Using old Kanji to learn new Kanji

This may have been mentioned elsewhere and so I apologize if there is a similar thread already existing.

I know this is by no means a small suggestion, but I feel like there are missed opportunities to use kanji from previous levels to learn new kanji. The Radical > Kanji > Vocab system works really well, especially when starting out (I’m only at level 6 at the moment). But I feel like as you build a repertoire of kanji building blocks, you can use those AND radicals as mnemonics for the new kanji.

As an example, we learn 花 (flower) using the radicals for flowers, leader/person, and spoon. Then in level 6 we learn 化 (change) without any callback to 花. I don’t mind that we learn “flower” before “change,” but it’s seems like a missed opportunity not to use our previous knowledge to solidify the new concept (especially since in Japan the idea of transient and ever changing flowers could have been the logic behind the kanji).

The radical system is great for mnemonics and remembering the structure of the new kanji, but isn’t always the best for explaining the meaning of a kanji. Using already learned kanji could help us learn the new kanji and reinforce the old material.

Again, I know this would be a large effort to add to the lessons, but perhaps it’s something to think about in future updates. Keep up the great work!


There actually is a fair amount of this later on. Before too long you’ll be seeing more complex radicals that are composed of multiple other radicals. But since radicals are arbitrary to begin with, it feels fairly arbitrary when WK does this and when it does not. There may be internal logic, but not any I’ve figured out. Overall it works out decently though.


Later on, you will learn radicals that are basically just kanji you’ve already learned, so Wanikani does already do this to a certain extent. There are definitely some connections between words and/or kanji that Wanikani doesn’t point out but you might pick up on your own. A big one that helps me is words that have the same reading and a similar meaning, or words that have parts of other words in them and have a related meaning. (Although they may have not chosen to point this out, as they can be confusing rather than helpful depending on how you look at it.)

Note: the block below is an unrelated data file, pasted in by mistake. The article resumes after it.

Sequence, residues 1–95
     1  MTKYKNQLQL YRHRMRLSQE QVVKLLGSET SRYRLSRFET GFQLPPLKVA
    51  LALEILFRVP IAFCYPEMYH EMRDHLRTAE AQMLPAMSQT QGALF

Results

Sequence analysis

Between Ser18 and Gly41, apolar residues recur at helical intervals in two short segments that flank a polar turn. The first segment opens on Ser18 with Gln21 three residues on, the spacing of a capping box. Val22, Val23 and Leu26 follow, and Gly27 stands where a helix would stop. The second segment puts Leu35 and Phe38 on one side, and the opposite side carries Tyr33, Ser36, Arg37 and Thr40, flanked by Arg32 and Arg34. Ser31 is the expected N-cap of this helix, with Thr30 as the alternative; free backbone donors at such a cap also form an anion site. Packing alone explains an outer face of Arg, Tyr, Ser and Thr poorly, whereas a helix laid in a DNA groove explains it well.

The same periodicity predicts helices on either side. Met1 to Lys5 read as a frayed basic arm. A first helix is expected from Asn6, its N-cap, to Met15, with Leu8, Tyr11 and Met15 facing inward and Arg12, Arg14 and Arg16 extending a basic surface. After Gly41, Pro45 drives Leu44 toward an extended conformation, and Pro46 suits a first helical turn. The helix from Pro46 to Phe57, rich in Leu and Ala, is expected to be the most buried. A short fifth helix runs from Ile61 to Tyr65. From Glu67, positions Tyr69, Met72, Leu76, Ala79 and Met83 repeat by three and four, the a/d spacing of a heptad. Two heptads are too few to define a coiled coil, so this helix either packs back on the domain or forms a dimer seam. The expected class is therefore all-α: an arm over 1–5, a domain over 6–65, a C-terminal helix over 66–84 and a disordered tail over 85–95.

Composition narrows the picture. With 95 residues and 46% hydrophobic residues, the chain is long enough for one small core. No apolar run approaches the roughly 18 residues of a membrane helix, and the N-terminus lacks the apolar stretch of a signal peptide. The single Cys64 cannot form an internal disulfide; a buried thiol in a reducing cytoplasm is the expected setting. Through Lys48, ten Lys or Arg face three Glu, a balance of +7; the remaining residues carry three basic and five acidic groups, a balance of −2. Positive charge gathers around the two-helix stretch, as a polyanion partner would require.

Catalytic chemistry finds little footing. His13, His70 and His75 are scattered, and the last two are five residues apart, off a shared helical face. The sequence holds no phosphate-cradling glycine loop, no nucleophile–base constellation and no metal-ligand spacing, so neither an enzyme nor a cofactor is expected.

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This might not directly address your issue, but I would recommend giving the Keisei Semantic-Phonetic Composition script a try.

It adds for example to the lessons of 花 and 化 the following list:

This not only shows you that there are other Kanji with this phonetic component, but it also tells you if they share the same on’yomi reading (which in this case they do).


This is already part of WK, kanjis that you’ve learned before will become radicals and be used to learn new ones. More complex kanjis won’t be used to learn simpler kanjis, though (like 花 > 化).

Actually I did start using this script recently to help me start linking commonalities in pronunciation. It does help with this issue to an extent but (and I’m sure this is a consequence of only being at a low level) so far the number of times it has been helpful has been limited. Using this example, the Keisei Semantic-Phonetic script shows the common pronunciation of か, but at level six I haven’t seen any usage aside from はな - but like I said, I’m sure this will open up more as I progress further :grin:

Ah I suppose I’ll see more of this as I progress through WK. I have been enjoying the few occasions where two words have had the same pronunciation and similar meanings (gotta love 円い and 丸い)! But as @Sinyaven mentioned, the KS-PC script has been helpful finding shortcuts (eg: 思 being pronounced as シ like an abbreviation of 心).

I think the real benefits of the phonetic compounds start around level 20 or so, before it is actually more work because you need to learn the kanji and the phonetic component (and remember the exceptions when the method doesn’t apply). Around level 40 you will get the expected 2/3 of On readings for free :slight_smile:

For you can see later compounds at the bottom of the page, 花瓶 or 花道 use the Chinese reading.

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There’s a whole bunch of them that come up later on. Sometimes Wanikani mentions it, other times it doesn’t. A lot of them are common words that you’ll get used to, like 見る (to see) vs 観る (to watch), 合う (to resemble / suit / etc.) vs 会う (to meet), 暑い (weather) vs 熱い (other meanings of “hot”), others are a bit harder like 犯す (to commit a crime) and 侵す (to invade). I just learned that second in the last level or two. It’s definitely something to look out for.

You’ll end up using this script a lot later on. There are many times that the WK mnemonic might work for me for the meaning, but sometimes I feel like the reading portion doesn’t fit into the mnemonic all that well. Or other times the mnemonic gets really complicated when a whole second part of the story is added to include the reading.

In those cases, I find it far easier to fall back on the phonetic components, if available. I honestly think that while WK’s approach is awesome in most respects (I’ve seen amazing results this past year), not emphasizing these phonetic components is far and away the biggest miss. They’re so incredibly helpful and important, in my experience.

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